Patients who experience angina in clinical trials have responded to a decrease in the dose. A possible association between pergolide and the development of ventricular arrhythmias was seen in a few patients during clinical trials. Although this association has not been verified, caution is recommended when high doses of pergolide are used in patients with cardiac disease.

The valvulopathy reported with pergolide has involved aortic, mitral and tricuspid valves. In some cases this side effect resolved with cessation of pergolide therapy. Valve replacement was required in two patients.

In a letter to the Healthcare Professional issued by Eli Lilly and Company last February 10, 2003, it states that of the estimated 500,000 people who have been treated with pergolide since the drug was launched in the United States in 1989, valvulopathy has been reported in less than 0.005%.[Ref]


Dermatologic abnormalities reported in patients receiving pergolide (the active ingredient contained in Permax) occasionally include erythema of the lower extremities, or erythromelalgia. This erythema may be very warm or painful.[Ref]


Hematologic abnormalities associated with pergolide (the active ingredient contained in Permax) therapy include anemia. Leukopenia has been reported infrequently.[Ref]


Respiratory adverse effects occasionally include dyspnea and nasal congestion.[Ref]


Musculoskeletal adverse effects may rarely include muscle cramps, arthralgia, and myalgias.[Ref]


Ocular adverse effects may include diplopia or vision changes in 2% to 6% of patients treated with pergolide (the active ingredient contained in Permax) [Ref]


Urinary tract infections, urinary frequency, urinary incontinence, and hematuria are reported in approximately 3% of pergolide-treated patients.[Ref]


Other adverse effects of pergolide (the active ingredient contained in Permax) may include flu-like syndrome, and fever.[Ref]


1. Robin DW (1991) "Pergolide in the treatment of Parkinson's disease." Am J Med Sci, 301, p. 277-80

2. Pezzoli G, Martignoni E, Pacchetti C, Angeleri VA, Lamberti P, Muratorio A, Bonuccelli U, Demari M, Foschi N, Cossutta E, Nicolet (1994) "Pergolide compared with bromocriptine in parkinsons disease - a multicenter, crossover, controlled study." Mov Disord, 9, p. 431-6

3. Lamberts SW, Quik RF (1991) "A comparison of the efficacy and safety of pergolide and bromocriptine in the treatment of hyperprolactinemia." J Clin Endocrinol Metab, 72, p. 635-41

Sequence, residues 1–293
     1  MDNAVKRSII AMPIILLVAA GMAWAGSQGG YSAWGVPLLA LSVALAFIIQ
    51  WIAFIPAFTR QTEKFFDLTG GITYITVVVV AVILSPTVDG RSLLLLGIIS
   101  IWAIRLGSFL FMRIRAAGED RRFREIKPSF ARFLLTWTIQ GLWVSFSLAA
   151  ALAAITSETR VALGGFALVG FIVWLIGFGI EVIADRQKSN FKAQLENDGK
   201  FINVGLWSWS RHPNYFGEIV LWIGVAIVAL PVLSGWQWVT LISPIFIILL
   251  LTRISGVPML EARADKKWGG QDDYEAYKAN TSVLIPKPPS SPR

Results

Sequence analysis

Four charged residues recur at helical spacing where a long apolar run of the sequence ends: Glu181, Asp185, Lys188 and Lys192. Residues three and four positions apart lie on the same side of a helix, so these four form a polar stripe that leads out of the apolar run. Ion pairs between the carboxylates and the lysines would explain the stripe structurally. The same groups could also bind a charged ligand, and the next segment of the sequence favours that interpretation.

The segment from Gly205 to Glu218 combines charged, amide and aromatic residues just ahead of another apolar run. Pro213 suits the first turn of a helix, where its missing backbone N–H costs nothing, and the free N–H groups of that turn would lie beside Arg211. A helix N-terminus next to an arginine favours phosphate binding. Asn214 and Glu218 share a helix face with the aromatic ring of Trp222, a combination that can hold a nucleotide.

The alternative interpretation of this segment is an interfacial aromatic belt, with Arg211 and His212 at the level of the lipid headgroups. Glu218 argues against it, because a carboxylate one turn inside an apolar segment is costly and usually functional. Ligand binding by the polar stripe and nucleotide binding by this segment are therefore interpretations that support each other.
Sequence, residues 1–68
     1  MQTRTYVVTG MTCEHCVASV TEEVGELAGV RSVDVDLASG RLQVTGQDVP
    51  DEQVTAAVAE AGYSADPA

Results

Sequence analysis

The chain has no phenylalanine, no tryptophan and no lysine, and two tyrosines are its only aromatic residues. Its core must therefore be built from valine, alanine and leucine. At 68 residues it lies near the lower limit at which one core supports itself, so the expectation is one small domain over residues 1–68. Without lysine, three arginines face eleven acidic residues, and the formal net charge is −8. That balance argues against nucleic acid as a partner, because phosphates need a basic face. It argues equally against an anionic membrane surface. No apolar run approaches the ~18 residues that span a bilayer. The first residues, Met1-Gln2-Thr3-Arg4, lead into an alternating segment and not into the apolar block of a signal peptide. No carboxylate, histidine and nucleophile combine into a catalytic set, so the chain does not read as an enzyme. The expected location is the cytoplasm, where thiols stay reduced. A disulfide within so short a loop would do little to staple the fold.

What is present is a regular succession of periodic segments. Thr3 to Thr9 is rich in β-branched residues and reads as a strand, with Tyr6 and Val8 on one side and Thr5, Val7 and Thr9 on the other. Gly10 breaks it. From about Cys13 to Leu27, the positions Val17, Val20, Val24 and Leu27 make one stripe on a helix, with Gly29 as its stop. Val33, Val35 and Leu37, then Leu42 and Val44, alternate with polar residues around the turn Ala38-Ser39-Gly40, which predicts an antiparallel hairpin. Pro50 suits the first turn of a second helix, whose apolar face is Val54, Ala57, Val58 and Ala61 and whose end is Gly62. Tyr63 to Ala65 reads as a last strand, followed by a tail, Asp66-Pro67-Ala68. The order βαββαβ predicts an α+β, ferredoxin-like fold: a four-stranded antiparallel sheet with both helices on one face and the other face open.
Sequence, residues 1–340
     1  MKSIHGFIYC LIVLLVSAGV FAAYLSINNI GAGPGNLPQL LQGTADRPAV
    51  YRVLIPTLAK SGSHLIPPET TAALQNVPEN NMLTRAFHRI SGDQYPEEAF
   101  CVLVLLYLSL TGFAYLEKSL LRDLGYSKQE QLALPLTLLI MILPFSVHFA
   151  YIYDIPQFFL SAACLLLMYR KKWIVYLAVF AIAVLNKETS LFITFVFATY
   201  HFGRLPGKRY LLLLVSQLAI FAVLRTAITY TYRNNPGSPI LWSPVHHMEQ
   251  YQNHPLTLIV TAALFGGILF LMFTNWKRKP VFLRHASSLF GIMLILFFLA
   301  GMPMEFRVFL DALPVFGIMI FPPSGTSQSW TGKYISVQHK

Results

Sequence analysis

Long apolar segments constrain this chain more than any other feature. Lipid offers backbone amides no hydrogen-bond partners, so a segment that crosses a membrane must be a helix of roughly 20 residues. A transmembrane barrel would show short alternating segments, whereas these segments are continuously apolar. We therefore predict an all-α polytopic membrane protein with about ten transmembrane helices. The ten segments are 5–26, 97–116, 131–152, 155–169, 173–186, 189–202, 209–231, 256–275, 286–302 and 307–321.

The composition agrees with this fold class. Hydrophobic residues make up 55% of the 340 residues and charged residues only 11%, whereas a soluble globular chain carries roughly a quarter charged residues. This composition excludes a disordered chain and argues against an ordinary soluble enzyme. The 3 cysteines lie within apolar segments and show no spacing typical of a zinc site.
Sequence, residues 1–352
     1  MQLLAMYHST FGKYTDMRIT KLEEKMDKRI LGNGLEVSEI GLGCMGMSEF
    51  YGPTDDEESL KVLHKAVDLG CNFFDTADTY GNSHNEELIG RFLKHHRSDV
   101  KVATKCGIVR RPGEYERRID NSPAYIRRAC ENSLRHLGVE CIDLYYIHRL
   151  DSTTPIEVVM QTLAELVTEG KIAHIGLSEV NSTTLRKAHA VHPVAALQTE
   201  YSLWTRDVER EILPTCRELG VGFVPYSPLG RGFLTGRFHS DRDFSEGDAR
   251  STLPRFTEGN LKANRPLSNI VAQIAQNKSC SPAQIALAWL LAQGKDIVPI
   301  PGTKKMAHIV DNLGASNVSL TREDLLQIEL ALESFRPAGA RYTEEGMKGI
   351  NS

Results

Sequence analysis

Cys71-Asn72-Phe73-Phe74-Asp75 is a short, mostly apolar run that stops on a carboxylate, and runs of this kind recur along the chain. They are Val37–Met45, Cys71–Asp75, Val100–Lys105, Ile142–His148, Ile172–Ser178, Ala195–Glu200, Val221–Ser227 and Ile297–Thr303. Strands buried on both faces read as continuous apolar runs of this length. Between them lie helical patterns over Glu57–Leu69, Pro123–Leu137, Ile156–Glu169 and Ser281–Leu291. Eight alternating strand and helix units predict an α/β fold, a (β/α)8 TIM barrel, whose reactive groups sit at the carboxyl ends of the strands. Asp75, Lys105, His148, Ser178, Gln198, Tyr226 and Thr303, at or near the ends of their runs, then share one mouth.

4. Ahlskog JE, Muenter MD (1988) "Treatment of Parkinson's disease with pergolide: a double-blind study." Mayo Clin Proc, 63, p. 969-78

5. Olanow CW, Alberts MJ (1987) "Double-blind controlled study of pergolide mesylate in the treatment of Parkinson's disease." Clin Neuropharmacol, 10, p. 178-85

6. (2001) "Product Information. Permax (pergolide)." Athena Neurosciences Inc

7. Ahlskog JE, Muenter MD (1988) "Pergolide: long-term use in Parkinson's disease." Mayo Clin Proc, 63, p. 979-87

8. Stern Y, Mayeux R, Ilson J, Fahn S, Cote L (1984) "Pergolide therapy for Parkinson's disease: neurobehavioral changes." Neurology, 34, p. 201-4

9. McHale DM, Sage JI (1988) "Hallucinations and confusion after pergolide withdrawal." Clin Neuropharmacol, 11, p. 545-8

10. Schapira AHV (2000) "Sleep attacks (Sleep episodes) with pergolide." Lancet, 355, p. 1332-3

11. Ulivelli M, Rossi S, Lombardi C, et al. (2002) "Polysomnographic characterization of pergolide-induced sleep attacks in idiopathic PD." Neurology, 58, p. 462-5

12. Bonuccelli U, Colzi A, Del Dotto P (2002) "Pergolide in the treatment of patients with early and advanced Parkinson's disease." Clin Neuropharmacol, 25, p. 1-10

13. Balachandran KP, Stewart D, Berg GA, Oldroyd KG (2002) "Chronic pericardial constriction linked to the antiparkinsonian dopamine agonist pergolide." Postgrad Med J, 78, p. 49-50

14. Bleumink GS, Van Der Molen-Eijgenraam M, Strijbos JH, Sanwikarja S, Van Puijenbroek EP, Stricker BH (2002) "Pergolide-induced pleuropulmonary fibrosis." Clin Neuropharmacol, 25, p. 290-3

15. Pritchett AM, Morrison JF, Edwards WD, Schaff HV, Connolly HM, Espinosa RE (2002) "Valvular heart disease in patients taking pergolide." Mayo Clin Proc, 77, p. 1280-6

16. Rahimtoola SH (2002) "Drug-related valvular heart disease: here we go again: will we do better this time?" Mayo Clin Proc, 77, p. 1275-7

17. Monk BE, Parkes JD, Du Vivier A (1984) "Erythromelalgia following pergolide administration." Br J Dermatol, 111, p. 97-9

Further information

Always consult your healthcare provider to ensure the information displayed on this page applies to your personal circumstances.

Some side effects may not be reported. You may report them to the FDA.